1. Electronic Commerce and the Concept of Trust. Definition of Trust. A Summary of the Basics of Trust. Trust as a Foundation for EC. The Trusted System. Complexity. Interdependency. The Trust Economy. Telecommunications Networks. Addressing New Risks. Summary. Action Items for IT Managers. Understand the Business Environment. Categorize and Respond to Specific Areas of Concern. Monitor the Relationship. 2. The Dark Side of the Force: The Risks of Electronic Commerce. Risks Common to all Distributed Networks. Limitations of Traditional Risk Management. New Awareness. Technology-Induced Risks: What's New. Process-Oriented Technical Risks. Public Communications Paths. Automation Amplification. Risk-Reduction Measures to Consider. Uneven Quality of Black Box Processes. What Control Professionals and Auditors Say. Get the Big Picture. Put Risk in the Right Context. The Role of the IT Manager in Risk Management. Beyond Technology Risk. 3. Gaining Control of Electronic Commerce. Control is More than Security. Benefits and Importance of Control. Control Objectives of a Trusted Commercial System. Criteria of Control. EC Controls: The Macro View. Control Is an Evolutionary Process. Steps to Create a Safe EC Environment. Identification of "Crown Jewels". Management Controls: People and Process. Technology Dependent Controls (Tools). Role of the IT Manager: Point-Counterpoint. 4. Maintaining the Trust Bond: Certainty, Confidentiality, and Privacy. Introduction. Definitions and Implications for EC. Protection. EC Information Flow. Corporate Data Flow and Interactions. Data Flows Between Trading Partners. Data-in-Transit. Data with ISP. Data at Client Sites, Server Site, and Outsourced Vendors. Trans-Border Information Flow. The Auditor's Perspective. Confidentiality/Privacy Regulations: An International Sample. Total Quality in the EC Transaction Factory. 5. Security: What Are You Protecting and Why? Look After the Information First: Linking Security with Data Protection. Value and Approach for Public Key Versus Private Key. Framework for Building Confidence. Understanding the Risks of Distributed Systems. Cost of Risk Protection. Risk Management. Layers of Risk Protection. Perimeter. User Authentication. Public Key Infrastructure (PKI). Other Authentication Techniques. Access Control and Authorization. Information Transformation Layers and Associated Security Schemes. Social Aspects of Security. Social Engineering. Removable Data. Legal Aspects. Retaining Expertise. 6. Looking After Business: The Core Components of Electronic Commerce. EC as a Catalyst for Change. EC Defined. Person to Person. Person to Computer. Computer to Computer. EDI as the Primary Business-to-Business EC Component. The EC Value Proposition. Sales. Customer Service. Procurement. Procurement Cards. Information Management and Dissemination to Internal Resources. Business Issues. Technical Issues. Communications. Data Storage and Retrieval. Message Conversion. Application Interface. EC in the Payments Business. Future Direction and Implications for IT Managers. Extended Reach. Micropayments. Digital Cash. Smart Cards. Mondex. Encrypted Credit Cards. Electronic Checks. Electronic Bill Presentment. Implications of New EC Delivery Channels. Key EC Issues for the IT Manager. Factors for the IT Manager to Consider. Steps for EC Success. 7. Business First and Safety First: Protecting Electronic Commerce Relationships. From Systems Defense to Business Enhancement. Putting Both Safety and Service First. Key Players in EC Development. Business Policy as Big Rules. The Link Between Big Rules and Standards. Determining Compelling Reasons for the Big Rules. Questions for the Big Rule. Choosing the Big Rules. Relationship Design. Reputation and Performance in an Online Relationship. The Perfect EC Relationship. Front-Ending. Business Enhancement. 8. Auditing for a New Age, New Purpose, and New Commerce. The Changing Role of the Internal Auditor. Internal Control: Trends and Recent Developments. Internal Control: Integrated Framework, 1994. Guidance on Assessing Control, 1999. Guidance on Control, 1995. Control Objectives for Information and Related Technology, 1998 (CobiT). An Integrated Control Framework for EC. The EC Control Environment. The Payoff Idea. 9. External Audit Requirements and Regulatory Compliance. Overview. The External Auditor's Role. What External Auditors Look For. The Question of Corporate Governance: The Regulator's Role. FDIC Electronic Banking: Safety and Soundness Examination Procedures, 1998 (U.S.). Independent Report on "Electronic Commerce and Canada's Tax Administration," 1998. CDIC Standards of Sound Business and Financial Practices: Internal Control 1994 (Canada). Financial Aspects of Corporate Governance, 1992 (U.K.). External Requirements Harmonization. The Common Ground. Action Items for Control Designers. Apply Safety Tools. Add New Control Self-Assessment Topics. Promote Quality Documentation. Action Items for EC Professionals. 10. Trends to Follow and Opportunities to Take. How to Plan When You Can't Predict. The Near Term. Transforming the Nature of Security with Agents. ANSI and Internet/Extranet Growth. The Medium Term. Safe Payments. The Unknown Time Frame. Digital Cash. Changes in Payment Mechanisms. The Death of Copyright. Recommendations to Managers. Appendix Electronic Commerce in Action: The Case of Secure Electronic Transaction (SET). 11. What Is SET? 12. Why SET at All? 13. Risk Profile with Implementing a SET Payment System. SET Payment Cardholders. SET Merchants. SET Payment Gateways. 14. The Trust Dimension: The Public Key Infrastructure. 15. SET Implementation Issues. Vendor Products May Not Be Fully Certified at Time of Implementation or Self-Audit. Merchant Sign-Up Process Change. Certificate Management. Performance. Backup of SET-Sensitive Files. Managing Vendors and Outsourcing Partners. Self-Audits and Independent Audits. 16. What SET Does Not Cover. Index.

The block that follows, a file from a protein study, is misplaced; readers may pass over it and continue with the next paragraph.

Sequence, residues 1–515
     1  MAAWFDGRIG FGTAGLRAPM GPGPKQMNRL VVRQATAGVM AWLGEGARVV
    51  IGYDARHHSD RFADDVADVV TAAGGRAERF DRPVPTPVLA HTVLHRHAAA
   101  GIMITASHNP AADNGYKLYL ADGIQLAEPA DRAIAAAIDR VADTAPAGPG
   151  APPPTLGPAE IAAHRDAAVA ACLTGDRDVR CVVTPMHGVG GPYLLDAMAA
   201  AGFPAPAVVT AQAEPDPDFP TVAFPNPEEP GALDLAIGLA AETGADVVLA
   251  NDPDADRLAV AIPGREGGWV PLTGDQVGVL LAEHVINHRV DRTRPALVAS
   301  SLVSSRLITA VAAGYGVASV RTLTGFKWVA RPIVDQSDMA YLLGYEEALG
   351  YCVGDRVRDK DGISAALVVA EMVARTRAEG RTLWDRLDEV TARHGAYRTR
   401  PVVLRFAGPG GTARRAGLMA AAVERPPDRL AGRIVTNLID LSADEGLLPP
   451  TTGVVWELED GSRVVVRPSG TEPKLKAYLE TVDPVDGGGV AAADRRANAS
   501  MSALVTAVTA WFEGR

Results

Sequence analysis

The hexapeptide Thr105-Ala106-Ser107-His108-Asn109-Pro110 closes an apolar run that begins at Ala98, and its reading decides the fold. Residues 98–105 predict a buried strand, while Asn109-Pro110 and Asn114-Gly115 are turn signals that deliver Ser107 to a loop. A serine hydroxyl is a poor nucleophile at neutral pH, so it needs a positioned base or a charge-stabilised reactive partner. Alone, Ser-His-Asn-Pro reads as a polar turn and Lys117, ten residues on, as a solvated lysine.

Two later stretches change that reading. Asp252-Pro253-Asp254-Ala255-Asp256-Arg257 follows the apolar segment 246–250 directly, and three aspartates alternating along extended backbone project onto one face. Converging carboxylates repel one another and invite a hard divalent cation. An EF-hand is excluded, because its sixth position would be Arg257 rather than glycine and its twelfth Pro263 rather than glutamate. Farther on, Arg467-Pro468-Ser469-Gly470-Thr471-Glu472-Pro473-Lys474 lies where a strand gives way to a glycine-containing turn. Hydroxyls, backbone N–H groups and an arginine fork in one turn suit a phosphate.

About Craigg Ballance
The authors are all recognized leaders in E-commerce, with distinguished histories of writing, consulting, and developing electronic business solutions for major corporations.